Wednesday, July 05, 2006

Efficient Buffett Hypothesis

As Warren Buffett is in the news in a big way again, the old debate on Efficient Market Hypothesis has resurfaced. Greg Mankiw weighs in on it. As much as I respect and admire Prof. Mankiw, I don't think his word on this should be given the weight you would afford his views on macroeconomics. Academic economists add an important component to this debate, but a practicioner's perspective is a critical element that cannot be ignored. Actual investors, managing real money, who have serious fiduciary obligations by necessity know more about this question than the academics. In this category, the grand master is probably this guy. Here's an excerpt from his excellent book, Pioneering Portfolio Management:

"Investors evaluating management alternatives for marketable equity portfolios face a spectrum ranging from generally efficiently priced large-capitalization domestic equities to the frequently mispriced emerging market stocks." Also, "Because Wall Street finds following smaller companies far less profitable...investors face the prospect of uncovering some interesting, mispriced investment opportunities...small capitalization equity managers with an edge have a reasonable shot at generating attractive relative returns."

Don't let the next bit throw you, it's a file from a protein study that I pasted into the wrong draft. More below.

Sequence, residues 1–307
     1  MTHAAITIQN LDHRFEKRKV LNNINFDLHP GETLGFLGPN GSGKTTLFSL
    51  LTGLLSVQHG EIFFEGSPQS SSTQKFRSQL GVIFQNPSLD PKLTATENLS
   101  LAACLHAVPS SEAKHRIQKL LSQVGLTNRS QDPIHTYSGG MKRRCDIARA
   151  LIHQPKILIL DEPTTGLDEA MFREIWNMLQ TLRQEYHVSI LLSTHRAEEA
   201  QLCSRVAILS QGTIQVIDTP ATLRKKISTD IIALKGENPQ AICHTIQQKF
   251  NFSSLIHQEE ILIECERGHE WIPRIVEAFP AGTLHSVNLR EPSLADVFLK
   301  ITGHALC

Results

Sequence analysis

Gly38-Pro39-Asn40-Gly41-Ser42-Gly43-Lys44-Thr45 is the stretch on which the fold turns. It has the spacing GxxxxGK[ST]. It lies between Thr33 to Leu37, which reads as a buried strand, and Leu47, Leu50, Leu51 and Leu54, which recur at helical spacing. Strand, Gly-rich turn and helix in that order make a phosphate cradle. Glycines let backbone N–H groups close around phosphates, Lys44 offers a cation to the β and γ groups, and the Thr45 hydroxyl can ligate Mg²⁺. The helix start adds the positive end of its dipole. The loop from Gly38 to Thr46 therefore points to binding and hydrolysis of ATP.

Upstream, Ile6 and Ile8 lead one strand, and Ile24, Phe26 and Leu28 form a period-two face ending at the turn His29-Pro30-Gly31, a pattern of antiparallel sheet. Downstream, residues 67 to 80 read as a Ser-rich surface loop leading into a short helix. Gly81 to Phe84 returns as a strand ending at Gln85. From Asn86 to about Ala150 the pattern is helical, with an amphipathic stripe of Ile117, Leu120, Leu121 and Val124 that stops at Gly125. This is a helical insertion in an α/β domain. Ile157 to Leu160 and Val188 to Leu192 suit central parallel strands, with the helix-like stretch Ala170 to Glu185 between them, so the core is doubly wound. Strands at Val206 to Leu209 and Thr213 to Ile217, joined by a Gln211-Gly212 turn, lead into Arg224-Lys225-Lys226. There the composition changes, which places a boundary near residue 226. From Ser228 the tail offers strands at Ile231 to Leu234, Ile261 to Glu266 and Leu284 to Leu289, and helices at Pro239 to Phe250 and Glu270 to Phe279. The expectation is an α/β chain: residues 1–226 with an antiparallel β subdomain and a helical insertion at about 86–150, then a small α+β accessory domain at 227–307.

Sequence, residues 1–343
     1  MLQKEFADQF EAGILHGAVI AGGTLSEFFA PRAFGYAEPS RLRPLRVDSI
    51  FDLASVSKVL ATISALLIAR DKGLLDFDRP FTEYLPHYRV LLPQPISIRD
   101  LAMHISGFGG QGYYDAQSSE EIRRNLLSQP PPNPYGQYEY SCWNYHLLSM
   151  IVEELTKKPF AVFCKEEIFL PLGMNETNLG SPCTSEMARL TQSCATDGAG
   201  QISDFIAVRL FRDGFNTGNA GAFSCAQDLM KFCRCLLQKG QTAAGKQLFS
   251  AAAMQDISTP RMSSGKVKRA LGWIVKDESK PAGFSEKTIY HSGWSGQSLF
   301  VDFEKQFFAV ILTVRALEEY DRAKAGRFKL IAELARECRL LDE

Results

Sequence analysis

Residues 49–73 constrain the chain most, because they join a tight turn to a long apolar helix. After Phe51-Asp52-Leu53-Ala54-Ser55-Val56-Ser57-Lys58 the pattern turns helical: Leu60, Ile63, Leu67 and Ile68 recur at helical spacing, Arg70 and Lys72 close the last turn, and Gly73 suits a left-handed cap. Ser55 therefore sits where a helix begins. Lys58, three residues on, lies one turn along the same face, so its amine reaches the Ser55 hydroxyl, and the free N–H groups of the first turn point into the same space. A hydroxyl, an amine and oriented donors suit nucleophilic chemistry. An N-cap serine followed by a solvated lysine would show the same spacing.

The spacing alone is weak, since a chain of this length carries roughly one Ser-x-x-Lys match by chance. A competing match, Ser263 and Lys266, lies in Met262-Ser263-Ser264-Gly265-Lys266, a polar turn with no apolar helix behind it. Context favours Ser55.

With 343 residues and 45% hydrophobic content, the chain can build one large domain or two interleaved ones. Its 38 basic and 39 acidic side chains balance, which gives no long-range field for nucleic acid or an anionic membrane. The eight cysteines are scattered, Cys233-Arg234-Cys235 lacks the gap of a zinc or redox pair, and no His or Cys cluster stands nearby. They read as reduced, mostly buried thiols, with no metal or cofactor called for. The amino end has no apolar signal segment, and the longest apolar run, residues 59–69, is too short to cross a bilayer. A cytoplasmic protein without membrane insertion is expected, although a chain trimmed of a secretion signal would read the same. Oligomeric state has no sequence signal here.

There you have it. Parts (most) of the market are efficient, and other parts are less so. Like many theories EMH is broadly applicable but breaks down significantly under certain circumstances and and within certain areas of activity. The savviest investors know where it holds and where it breaks down and marshall their resources appropriately.

N.B. Swensen's book referenced above is indespensable for serious, professional investors, and his other book is highly valuable for anyone who takes an active role in the planning and execution of their individual investments.


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